The Fool headed out to Vegas to check out the 2014 International Consumer Electronics Show. With more than 3,200 exhibitors, including 88% of the top retailers in consumer electronics, the CES is the place to be to see what's coming up in tech.
Ford's (NYSE:F) C-MAX solar concept car has solar panels on the roof, and a solar concentrator to focus the sun's rays enough to charge the battery, potentially taking the car completely off the grid.
There were countless trends emerging from CES 2014 this year, but the real question for investors is how to capitalize on these revolutionary opportunities. Fortunately for you, David Gardner has an idea or two on how to invest in these new emerging technologies -- and how you can profit. Get in on the ground floor now by clicking here.
A full transcript follows the video.
Austin Smith: Hey, Fools. Austin Smith here on the floor of CES 2014, here looking at the Ford C-MAX solar concept.
Now this vehicle -- very interesting -- it's got a solar panel on the roof, something that definitely seems to make a lot of sense in the electric-vehicle world, but not something that we've seen as final product as this. I'm wondering if you could tell us a little bit about this vehicle.
Ford Representative: Absolutely. This solar-energy concept is sort of a two-piece concept. One part of it is what you just mentioned -- the solar panels on the roof, which are the most high-efficiency panels on the market today, from SunPower (NASDAQ:SPWR).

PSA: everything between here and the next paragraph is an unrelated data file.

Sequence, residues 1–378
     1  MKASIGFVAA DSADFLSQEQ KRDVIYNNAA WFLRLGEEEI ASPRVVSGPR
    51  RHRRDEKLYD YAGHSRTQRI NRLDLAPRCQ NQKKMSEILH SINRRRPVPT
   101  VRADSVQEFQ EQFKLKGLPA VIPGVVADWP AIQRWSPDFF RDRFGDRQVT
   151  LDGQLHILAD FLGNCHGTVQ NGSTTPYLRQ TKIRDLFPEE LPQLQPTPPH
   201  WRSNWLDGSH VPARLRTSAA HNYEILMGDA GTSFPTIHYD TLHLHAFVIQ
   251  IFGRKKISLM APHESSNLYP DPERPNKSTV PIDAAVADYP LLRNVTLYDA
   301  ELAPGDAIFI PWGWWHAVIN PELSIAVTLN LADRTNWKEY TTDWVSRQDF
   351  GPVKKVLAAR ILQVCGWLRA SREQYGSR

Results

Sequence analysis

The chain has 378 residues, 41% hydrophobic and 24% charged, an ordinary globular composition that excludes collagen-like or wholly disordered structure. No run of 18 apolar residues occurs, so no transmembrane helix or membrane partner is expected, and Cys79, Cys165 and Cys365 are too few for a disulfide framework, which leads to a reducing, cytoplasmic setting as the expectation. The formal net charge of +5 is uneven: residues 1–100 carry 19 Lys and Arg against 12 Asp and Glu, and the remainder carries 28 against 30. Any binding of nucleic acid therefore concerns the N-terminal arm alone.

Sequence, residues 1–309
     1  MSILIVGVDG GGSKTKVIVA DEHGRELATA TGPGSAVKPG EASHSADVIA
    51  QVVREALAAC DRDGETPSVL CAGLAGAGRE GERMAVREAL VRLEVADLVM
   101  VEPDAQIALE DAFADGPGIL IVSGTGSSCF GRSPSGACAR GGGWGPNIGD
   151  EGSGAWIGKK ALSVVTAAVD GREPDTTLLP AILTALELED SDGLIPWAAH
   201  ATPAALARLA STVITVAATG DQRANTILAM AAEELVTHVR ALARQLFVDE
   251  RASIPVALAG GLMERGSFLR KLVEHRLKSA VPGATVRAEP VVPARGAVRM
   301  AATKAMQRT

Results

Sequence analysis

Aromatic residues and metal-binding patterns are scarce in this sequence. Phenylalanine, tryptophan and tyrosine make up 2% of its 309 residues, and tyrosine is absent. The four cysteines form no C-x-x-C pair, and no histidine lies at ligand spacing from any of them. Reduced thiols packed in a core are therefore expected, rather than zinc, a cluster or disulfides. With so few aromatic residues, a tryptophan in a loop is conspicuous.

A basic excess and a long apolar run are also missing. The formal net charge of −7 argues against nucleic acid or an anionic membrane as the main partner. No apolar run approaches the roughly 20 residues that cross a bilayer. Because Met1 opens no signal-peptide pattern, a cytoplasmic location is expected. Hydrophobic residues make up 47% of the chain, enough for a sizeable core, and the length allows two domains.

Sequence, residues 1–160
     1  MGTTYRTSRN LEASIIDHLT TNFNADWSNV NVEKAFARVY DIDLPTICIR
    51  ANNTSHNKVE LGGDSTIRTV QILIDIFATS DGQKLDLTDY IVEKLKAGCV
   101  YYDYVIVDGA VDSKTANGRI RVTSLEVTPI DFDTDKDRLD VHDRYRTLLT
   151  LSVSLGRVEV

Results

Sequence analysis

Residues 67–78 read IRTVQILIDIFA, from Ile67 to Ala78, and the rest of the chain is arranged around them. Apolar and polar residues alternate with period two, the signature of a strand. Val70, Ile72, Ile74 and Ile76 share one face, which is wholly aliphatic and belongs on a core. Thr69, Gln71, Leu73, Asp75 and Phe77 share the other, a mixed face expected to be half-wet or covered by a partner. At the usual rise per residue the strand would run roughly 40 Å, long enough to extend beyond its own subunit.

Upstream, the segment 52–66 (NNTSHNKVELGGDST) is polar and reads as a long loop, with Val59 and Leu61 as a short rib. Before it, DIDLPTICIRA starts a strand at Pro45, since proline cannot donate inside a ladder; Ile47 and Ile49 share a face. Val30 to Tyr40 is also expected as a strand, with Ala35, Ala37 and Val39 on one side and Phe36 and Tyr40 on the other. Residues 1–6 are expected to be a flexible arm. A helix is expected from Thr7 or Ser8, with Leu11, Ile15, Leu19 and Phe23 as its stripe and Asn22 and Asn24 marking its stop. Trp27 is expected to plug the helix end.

What we've done is we've taken that and paired it with what's above the vehicle, which is a solar concentrator. With those two things together, it allows the battery of the C-MAX Energi, which is about an 8 kWh battery, to be fully recharged over the course of a day when the car is in the sun, under the concentrator, whereas if it was just the car in the sunlight itself, there's not enough power there to recharge the battery. But once you pair it with the concentrator, that's when you can realize a full charge.
Smith: It seems like a lot of the angst or anxiety that people have with electric vehicles is that recharge time. Given this magnifying glass, effectively, and the solar panel that you're discussing, what kind of a recharge time are we looking at here?
Ford Representative: There's a lot of "it depends" in that -- where you live in the country, and whether it's summer or winter, and things like that -- but generally speaking it would be about a six- to 10-hour recharge time.
You probably are thinking, "Well, I could recharge my car quicker if I plug it into the grid." Absolutely true; the point here is to show customers how you can now take your car off the grid entirely and recharge it with the clean, free power from the sunshine.
Austin Smith owns shares of Ford. The Motley Fool recommends and owns shares of Ford. Try any of our Foolish newsletter services free for 30 days. We Fools don't all hold the same opinions, but we all believe that considering a diverse range of insights makes us better investors. The Motley Fool has a disclosure policy.